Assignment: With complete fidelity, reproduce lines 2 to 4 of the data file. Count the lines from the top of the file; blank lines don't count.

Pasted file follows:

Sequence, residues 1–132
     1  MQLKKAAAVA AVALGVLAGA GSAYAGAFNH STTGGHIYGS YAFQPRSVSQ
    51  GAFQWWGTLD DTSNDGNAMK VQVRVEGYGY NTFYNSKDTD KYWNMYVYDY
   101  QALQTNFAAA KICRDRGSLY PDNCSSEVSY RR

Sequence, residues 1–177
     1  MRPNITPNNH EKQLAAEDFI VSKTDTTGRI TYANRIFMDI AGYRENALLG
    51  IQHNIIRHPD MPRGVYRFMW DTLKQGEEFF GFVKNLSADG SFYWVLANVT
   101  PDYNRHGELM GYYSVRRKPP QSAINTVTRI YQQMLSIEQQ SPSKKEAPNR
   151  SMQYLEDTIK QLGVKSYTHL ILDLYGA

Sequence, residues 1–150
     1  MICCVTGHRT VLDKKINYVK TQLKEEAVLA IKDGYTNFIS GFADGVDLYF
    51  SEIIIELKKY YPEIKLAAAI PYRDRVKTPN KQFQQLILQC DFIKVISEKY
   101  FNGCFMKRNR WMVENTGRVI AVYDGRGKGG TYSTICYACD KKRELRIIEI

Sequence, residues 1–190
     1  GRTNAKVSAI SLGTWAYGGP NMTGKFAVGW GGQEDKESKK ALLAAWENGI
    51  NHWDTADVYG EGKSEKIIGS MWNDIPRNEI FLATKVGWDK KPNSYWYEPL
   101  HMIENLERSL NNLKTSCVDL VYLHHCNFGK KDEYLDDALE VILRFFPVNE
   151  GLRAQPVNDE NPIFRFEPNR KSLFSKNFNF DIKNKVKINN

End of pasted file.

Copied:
     1  MQLKKAAAVA AVALGVLAGA GSAYAGAFNH STTGGHIYGS YAFQPRSVSQ
    51  GAFQWWGTLD DTSNDGNAMK VQVRVEGYGY NTFYNSKDTD KYWNMYVYDY
   101  QALQTNFAAA KICRDRGSLY PDNCSSEVSY RR